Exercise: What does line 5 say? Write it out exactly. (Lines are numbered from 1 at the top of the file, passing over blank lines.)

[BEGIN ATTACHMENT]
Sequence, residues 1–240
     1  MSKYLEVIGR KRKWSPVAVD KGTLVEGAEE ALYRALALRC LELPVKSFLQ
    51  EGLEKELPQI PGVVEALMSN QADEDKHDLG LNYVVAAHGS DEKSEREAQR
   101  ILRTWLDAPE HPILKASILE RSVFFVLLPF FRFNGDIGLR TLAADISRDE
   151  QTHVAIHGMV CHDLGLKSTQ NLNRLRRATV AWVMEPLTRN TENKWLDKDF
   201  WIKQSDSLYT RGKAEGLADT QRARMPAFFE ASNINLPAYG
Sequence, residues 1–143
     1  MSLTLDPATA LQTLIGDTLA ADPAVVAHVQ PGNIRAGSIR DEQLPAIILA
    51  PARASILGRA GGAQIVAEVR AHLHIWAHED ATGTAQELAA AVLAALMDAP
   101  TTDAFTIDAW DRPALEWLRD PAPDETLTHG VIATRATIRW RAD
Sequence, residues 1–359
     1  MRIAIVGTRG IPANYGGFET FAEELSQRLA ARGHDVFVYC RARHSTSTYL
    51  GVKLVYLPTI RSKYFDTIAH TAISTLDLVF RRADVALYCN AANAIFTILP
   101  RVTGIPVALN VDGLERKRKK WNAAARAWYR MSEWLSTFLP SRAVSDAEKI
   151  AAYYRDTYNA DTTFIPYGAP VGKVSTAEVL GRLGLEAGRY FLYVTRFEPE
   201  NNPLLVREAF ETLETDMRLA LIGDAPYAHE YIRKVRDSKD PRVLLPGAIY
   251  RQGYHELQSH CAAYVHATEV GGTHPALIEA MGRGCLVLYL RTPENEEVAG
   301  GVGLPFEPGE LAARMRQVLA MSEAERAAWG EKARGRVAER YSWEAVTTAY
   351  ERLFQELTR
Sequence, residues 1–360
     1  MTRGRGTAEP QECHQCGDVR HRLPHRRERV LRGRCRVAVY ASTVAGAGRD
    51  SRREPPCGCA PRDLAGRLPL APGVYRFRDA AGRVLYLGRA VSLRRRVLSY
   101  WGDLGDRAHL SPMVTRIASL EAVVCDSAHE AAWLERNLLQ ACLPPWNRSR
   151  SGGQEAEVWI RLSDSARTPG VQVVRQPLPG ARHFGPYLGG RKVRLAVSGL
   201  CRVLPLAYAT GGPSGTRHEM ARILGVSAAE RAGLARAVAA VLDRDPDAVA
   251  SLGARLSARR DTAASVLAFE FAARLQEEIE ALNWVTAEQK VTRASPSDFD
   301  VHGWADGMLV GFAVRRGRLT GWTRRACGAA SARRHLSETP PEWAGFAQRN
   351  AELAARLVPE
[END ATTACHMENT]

   151  QTHVAIHGMV CHDLGLKSTQ NLNRLRRATV AWVMEPLTRN TENKWLDKDF